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Beebee, Helen and Hitchcock, Christopher and Menzies, Peter (2009) Introduction. In: The Oxford handbook of causation. Oxford University Press , Oxford, pp. 1-18. ISBN 9780199279739.

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Philosophers have been interested in the nature of causation for as long as there has been philosophy. They have been interested in what we say about the world when we say that one thing caused another, and in whether there is anything in the world that answers to the causal claims we make about it. Despite the attention, there is still very little agreement on the most central question concerning causation: what is it? Is it a matter of the instantiation of regularities or laws, or counterfactual dependence, or manipulability, or transfer of energy, for example? One reason for the lack of a consensus view is the sheer difficulty of the task; anyone familiar with the causation debate as it has been conducted in recent years will be familiar with a vast range of theories and counterexamples, which collectively can lead one to suspect that no univocal analysis of the concept of causation is possible.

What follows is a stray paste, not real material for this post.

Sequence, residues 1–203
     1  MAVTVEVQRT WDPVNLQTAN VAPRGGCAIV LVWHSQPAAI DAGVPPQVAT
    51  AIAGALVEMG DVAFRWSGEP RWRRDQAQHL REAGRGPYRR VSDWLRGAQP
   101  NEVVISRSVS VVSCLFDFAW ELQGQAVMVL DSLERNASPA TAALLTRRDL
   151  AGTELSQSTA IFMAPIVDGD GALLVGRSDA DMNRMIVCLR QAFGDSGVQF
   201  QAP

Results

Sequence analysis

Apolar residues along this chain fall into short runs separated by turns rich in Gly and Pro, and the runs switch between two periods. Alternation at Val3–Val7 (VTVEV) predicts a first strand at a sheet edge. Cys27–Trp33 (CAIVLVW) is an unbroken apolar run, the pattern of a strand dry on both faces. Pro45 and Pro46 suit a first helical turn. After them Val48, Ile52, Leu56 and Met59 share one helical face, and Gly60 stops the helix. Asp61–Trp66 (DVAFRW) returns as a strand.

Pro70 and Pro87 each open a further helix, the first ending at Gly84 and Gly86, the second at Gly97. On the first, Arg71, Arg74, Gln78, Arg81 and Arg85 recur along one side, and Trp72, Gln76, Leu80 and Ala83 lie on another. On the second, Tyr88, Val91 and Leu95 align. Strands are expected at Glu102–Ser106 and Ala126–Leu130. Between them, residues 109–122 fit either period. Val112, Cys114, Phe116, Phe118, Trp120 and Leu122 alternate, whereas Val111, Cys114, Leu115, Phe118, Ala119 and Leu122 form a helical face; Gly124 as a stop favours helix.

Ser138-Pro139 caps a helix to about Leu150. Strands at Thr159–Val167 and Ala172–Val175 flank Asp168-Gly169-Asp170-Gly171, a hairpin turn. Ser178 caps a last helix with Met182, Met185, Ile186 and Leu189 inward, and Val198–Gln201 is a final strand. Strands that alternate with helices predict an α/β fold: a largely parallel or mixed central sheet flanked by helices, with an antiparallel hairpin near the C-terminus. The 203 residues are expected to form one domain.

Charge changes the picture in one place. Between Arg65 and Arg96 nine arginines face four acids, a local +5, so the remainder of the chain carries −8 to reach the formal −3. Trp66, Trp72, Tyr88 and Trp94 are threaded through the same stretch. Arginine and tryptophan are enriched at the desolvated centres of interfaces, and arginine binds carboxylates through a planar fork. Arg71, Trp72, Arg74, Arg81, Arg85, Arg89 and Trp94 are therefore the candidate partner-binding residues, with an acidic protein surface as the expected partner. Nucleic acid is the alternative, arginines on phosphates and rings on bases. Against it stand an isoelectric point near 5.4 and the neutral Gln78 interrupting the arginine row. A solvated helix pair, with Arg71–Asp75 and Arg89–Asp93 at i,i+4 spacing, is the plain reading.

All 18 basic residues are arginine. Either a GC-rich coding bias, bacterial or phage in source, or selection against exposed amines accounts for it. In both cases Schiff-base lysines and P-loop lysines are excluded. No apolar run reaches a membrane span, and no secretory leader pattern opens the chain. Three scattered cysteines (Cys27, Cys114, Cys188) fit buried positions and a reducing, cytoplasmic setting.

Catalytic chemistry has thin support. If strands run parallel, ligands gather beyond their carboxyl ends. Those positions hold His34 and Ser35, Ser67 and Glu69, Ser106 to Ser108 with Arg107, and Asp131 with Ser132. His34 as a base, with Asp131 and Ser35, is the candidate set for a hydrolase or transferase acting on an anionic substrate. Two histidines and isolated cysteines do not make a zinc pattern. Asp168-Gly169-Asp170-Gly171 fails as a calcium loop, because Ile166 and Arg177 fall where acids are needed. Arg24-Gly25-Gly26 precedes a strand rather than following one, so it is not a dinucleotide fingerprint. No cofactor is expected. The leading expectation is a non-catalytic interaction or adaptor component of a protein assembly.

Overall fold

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Additional Information:© 2009 Oxford University Press.
Record Number:CaltechAUTHORS:20140408-142044382
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Usage Policy:No commercial reproduction, distribution, display or performance rights in this work are provided.
ID Code:44784
Deposited By: Susan Vite
Deposited On:09 Apr 2014 19:12
Last Modified:03 Oct 2019 06:22

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